3. We need to take in consideration how our money has been spent by Metro for the last 40 years. The voters agreed to a 1% sales tax to fund Metro in 1979 or 1980. Originally, it was for a rail system that was to be built along the Westpark Corridor. At some point, Metro decided to move the plans along Westheimer. Small businesses and others objected to the damage it would cause on Westheimer. Then, Metro decided to move it to Richmond Ave. through the Afton Oaks neighborhood. An exorbitant amount of money was spent on new studies and elaborate brochures explaining that no house would be disrupted on Richmond Ave. Members of Afton Oaks Homeowners Board physically measured the amount of space needed for the rail. It came within 3 feet of the front doors of the Richmond Ave. houses. So much for the expensive studies and propaganda from Metro. In the meantime, Westpark was developed and left no space for the rail. Why have millions of dollars been wasted? Why wasn’t a rail put on Westpark where we were told it would be before we agreed to the sales increase? Why wasn’t a rail built from Sugarland to Downtown? To the Woodlands to Downtown? To Clear Lake to Downtown? And to Katy to Downtown? Why should we give Metro more money to play with?

    • William Phillips

      Light rail was and is never meant to move people from the far outlying suburbs… IT is amazing for moving people inside or near the 610 loop.. TO go from the near north side to the museum district or any of the three major pro sports team arenas.. Or to more from 610 to inner city dining or work… I lived on the red line near north side tidwell line.. We used it every weekend.. To go to texans games.. or downtown to walk around and see the sites…

  4. mntjohnson@gmail.com

    Mass Transit takes lots of cars off the road, so it is needed to fight congestion. I also think it is cheaper to move 100,000 people by a new transit line than adding 3-4 lanes to do the moving by road, so Yes it is a bargain despite all the claims of waste and overruns (but they never mention the cost of jamming in more road lanes which is the alternative). I like the idea of Rapid Bus option, the Light Rail always seemed a desperate attempt to get White people to use transit whereas minorities are glad to use the bus since they aren’t snobs. Sorry to be blunt, I take the bus and this is what I see. No one loves mass transit, but for all these reasons it needs to be done. No knowledgeable professor or researcher thinks we can afford the cost of jamming in more lanes, and this should end the discussion unless someone can find a contrary professor or researcher. This aint Russia, this is well meaning politicans and bureaucrats who will use most of the money well and build something, the jerks who claim “Fraud” or “Communism” need to have some perspective and intellectual dishonesty rather than be so shrill and dishonest. Personally I prefer to live within mile of work and walk but too many morons like to clog the roads. PS I moved from Minnesota 3 years ago and your bus system really speeds along as crazy speeds and has far cheaper far (Minnesota is $2 or more), so Houston REALLY HAS A FAIRLY GOOD TRANSIT SYSTEM.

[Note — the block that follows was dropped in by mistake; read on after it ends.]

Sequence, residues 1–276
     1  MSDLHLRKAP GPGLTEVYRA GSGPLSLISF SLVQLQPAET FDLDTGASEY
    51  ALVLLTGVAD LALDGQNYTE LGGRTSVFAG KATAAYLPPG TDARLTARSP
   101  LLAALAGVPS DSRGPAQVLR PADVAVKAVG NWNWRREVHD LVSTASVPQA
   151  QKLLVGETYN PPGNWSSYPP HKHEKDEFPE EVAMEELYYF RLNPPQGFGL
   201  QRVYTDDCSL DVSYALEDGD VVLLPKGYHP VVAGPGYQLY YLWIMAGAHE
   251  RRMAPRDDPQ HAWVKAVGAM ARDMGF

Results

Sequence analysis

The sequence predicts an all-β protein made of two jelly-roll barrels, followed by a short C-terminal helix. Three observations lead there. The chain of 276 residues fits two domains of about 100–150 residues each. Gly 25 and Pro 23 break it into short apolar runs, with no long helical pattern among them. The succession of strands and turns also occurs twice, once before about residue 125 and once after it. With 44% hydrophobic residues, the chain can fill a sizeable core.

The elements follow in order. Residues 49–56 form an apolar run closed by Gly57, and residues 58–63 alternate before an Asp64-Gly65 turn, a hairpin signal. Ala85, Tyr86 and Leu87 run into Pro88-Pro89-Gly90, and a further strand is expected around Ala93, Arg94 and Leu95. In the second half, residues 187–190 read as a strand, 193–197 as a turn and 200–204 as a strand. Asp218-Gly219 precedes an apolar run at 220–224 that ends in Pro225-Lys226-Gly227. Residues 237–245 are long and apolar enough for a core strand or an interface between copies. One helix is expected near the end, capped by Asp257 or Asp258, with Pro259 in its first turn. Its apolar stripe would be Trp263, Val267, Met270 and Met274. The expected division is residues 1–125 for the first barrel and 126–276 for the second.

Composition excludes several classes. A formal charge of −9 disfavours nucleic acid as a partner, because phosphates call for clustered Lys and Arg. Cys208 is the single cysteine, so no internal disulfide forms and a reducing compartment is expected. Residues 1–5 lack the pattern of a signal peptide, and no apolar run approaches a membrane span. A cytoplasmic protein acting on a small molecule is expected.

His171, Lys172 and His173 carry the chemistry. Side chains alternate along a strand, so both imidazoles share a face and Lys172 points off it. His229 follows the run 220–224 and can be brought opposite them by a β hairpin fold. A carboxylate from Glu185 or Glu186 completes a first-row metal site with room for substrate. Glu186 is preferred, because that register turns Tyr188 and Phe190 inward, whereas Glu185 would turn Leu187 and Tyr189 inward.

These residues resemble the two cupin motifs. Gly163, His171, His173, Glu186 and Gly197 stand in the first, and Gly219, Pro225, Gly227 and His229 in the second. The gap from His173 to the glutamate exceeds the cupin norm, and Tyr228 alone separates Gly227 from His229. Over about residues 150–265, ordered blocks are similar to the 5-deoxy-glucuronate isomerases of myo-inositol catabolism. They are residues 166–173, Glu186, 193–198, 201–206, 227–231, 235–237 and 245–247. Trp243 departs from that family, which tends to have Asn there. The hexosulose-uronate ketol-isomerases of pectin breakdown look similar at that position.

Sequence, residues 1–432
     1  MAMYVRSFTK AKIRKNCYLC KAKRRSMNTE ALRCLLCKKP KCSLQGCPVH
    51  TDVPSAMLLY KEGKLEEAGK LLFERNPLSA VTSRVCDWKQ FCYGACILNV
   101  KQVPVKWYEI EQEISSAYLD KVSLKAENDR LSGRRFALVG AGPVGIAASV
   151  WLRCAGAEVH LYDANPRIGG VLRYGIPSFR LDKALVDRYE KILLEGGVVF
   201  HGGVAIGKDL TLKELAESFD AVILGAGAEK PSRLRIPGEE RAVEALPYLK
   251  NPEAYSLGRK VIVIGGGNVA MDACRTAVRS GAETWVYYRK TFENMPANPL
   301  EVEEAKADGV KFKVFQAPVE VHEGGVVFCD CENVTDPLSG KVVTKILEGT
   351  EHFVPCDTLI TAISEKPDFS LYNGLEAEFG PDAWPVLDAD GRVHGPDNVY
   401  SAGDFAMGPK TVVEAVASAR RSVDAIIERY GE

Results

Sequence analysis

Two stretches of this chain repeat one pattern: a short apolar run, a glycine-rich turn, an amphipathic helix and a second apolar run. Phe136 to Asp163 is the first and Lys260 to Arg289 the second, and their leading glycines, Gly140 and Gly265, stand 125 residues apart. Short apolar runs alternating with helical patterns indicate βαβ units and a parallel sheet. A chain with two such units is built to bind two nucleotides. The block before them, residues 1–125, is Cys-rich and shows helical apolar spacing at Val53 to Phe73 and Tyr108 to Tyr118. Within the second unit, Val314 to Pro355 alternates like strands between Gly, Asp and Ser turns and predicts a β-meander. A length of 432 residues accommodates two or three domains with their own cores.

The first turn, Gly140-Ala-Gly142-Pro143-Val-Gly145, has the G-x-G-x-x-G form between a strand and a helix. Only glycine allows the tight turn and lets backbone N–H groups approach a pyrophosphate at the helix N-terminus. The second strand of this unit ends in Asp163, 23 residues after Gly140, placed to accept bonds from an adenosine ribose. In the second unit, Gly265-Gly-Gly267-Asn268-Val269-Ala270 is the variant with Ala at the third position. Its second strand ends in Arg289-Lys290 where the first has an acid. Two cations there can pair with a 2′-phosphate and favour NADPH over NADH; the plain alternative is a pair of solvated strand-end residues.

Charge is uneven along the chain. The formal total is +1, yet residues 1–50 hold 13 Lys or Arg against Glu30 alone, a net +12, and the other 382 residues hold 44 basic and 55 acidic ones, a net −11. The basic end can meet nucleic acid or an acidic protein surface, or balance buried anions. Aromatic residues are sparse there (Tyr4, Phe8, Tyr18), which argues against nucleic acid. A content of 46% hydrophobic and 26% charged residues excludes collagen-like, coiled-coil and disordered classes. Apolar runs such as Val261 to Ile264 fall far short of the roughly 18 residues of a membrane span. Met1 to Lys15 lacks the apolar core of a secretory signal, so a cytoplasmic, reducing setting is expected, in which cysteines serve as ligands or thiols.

• William Phillips

      move back.. your racist idiotic comments that white people prefer light rail are stupid and myopic.. Light rail is awesome for weekday or weekend travel.. far more comfortable than standard bus travel and to be honest it’s just more fun….. simple as that.. BUILD more rail.. to the west side.. the heights, montrose.. far west side… IMO.. you haven’t lived here long enough to have any opinion worth listening to..

  5. mntjohnson@gmail.com

    I previously commented. About any idea of longer transit lines to distant suburbs. Minnesota tried a STUPID long distance daily train called NORTHSTAR and people did not use it and it was an embarrassing costly failure. People won’t risk being stranded too far from home, so any long transit ideas are stupid, like to Woodlands, or Clear Lake. Really.

Leave A Reply

Matt Dulin
Matt joined Community Impact Newspaper in January 2018 and is the City Editor for Houston's Inner Loop editions.
Back to top